Pit Bull Ban a Waste of Taxpayer Dollars

Jessica Strutzel
Platte Institute



In 2008, the Omaha City Council passed an ordinance which included breed-specific legislation directed towards Pit Bulls in order to reduce Pit Bull bites in the city.  This ordinance went into effect in 2009, and a report on its success is due to the City Council before October 1st of this year.[1]  A potential response to the evaluation of this ordinance could be the consideration of a Pit Bull ban by the City Council.  A Pit Bull ban will most likely have no effect on dog bites in the city and cost hundreds of thousands of tax payer dollars.  Dog bites are a serious problem in the United States, with approximately 350,000 injurious bites reported per year.[2] 


In order to deal with this threat to public safety, many cities around the country have introduced breed bans.  Pit Bulls are often the target of breed-specific legislation due to their reputation as vicious, powerful, fighting dogs.  However, breed-specific legislation aimed at Pit Bulls is ineffective.  It punishes responsible dog owners and allows reckless dog owners to continue to violate dog ownership responsibilities without decreasing the number of overall dog bites.


Many factors play into situations that lead to dog aggression and biting.  In most cases, dogs that bite have histories of being tethered or running loose, suffering abuse, malnourishment or dehydration, and are unaltered (not neutered or spayed) and poorly socialized.  82 percent of fatal bites result from loose dogs.[3]  Tethering dogs also increases aggression, and tethered dogs are much more likely to retaliate and bite someone.  Omaha has leash laws and anti-tethering laws in place to combat these problems.[4]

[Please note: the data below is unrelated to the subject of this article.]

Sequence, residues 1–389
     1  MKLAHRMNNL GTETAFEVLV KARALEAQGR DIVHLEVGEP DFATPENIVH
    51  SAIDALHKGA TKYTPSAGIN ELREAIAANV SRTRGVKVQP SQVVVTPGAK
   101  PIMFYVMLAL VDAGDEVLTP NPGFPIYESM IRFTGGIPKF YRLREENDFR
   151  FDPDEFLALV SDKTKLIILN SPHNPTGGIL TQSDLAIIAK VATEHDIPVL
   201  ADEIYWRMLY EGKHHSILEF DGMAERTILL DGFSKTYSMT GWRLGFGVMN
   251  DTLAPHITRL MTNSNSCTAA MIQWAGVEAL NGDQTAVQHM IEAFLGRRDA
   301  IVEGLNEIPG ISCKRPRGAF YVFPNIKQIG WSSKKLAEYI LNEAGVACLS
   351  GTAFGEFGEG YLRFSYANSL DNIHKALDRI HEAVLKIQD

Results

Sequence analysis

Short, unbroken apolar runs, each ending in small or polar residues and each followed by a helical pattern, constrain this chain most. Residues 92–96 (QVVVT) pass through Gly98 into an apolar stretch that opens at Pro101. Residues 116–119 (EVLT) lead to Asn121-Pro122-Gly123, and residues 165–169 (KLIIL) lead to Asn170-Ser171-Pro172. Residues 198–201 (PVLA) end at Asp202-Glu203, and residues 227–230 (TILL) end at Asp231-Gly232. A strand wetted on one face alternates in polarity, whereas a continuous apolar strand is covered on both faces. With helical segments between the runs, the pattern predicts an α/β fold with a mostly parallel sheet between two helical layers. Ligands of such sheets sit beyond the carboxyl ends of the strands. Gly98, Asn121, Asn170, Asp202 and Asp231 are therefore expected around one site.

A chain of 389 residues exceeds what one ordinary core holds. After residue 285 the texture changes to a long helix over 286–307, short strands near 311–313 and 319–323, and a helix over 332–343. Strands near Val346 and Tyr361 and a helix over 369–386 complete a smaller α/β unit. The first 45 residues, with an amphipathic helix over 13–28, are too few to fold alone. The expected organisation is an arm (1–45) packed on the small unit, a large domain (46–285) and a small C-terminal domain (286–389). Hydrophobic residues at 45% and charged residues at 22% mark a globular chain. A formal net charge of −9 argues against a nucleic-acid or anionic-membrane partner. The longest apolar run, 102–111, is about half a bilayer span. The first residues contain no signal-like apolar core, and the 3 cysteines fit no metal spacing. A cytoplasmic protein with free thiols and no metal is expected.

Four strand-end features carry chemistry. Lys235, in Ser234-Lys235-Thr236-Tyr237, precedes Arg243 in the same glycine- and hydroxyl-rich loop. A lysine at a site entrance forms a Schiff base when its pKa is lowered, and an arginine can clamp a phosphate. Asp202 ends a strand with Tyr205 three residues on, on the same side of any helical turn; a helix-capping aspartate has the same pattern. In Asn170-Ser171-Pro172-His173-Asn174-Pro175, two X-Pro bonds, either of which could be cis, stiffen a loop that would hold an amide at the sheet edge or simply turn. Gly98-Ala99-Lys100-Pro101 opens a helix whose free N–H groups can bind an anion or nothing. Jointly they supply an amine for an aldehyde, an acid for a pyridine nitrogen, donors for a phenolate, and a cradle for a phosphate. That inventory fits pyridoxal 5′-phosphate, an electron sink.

In 2009, Omaha introduced breed-specific legislation aimed at Pit Bulls.  Under the current law, the city of Omaha identifies Pit Bulls as "any dog that is an American Pit Bull Terrier, American Staffordshire Terrier, Staffordshire Bull Terrier, Dogo Argentina, Presa Canario, Cane Corso, American Bulldog, or any dog displaying the majority of physical traits of any one or more of the above breeds (more so than any other breed), or any dog exhibiting those distinguishing characteristics which substantially conform to the standards established by the American Kennel Club or United Kennel Club for any of the above breeds."[5]   Owners of dogs considered to be Pit Bulls must have the dogs leashed, muzzled, and under the control of someone at least 19 years of age when they are in public.  In addition, Pit Bull owners must keep the dogs in securely fenced areas when not leashed and must have at least $100,000 in liability coverage.  Well-behaved Pit Bulls can avoid the muzzle requirement by passing a Canine Good Citizenship test through the Breed Ambassador program at the Nebraska Humane Society.[6]


A Pit Bull ban in Omaha would deprive responsible pet owners of their right to private property without impacting the overall number of bites in the city.  Pit Bull bans target all the Pit Bulls in the city, whether they are well-behaved family pets or have an aggressive history.  This approach places blame on the breed of dog, which does not decrease bite rates, rather than on the behavior of the owner.  Council Bluffs enacted a Pit Bull ban in 2005.  While the number of Pit Bull bites significantly decreased after the ban (because Pit Bulls not already owned and registered were not allowed in the city), the number of overall dog bites increased the year after the ban was instituted from 115 bites in 2005 to 132 bites in 2006.[7]  Denver enacted a Pit Bull ban in 1989 and has lost about $250,000 per year since then due to enforcement costs.[8]  Despite this long standing and costly ban, Denver has a higher hospitalization rate due to dog bites than any other county in Colorado.  The chart below from the National Canine Research Council shows that Boulder, a city with approximately half the population of Denver, had only one sixth the amount of serious dog bites as Denver, even though Boulder has no legislation directed at Pit Bulls.[9]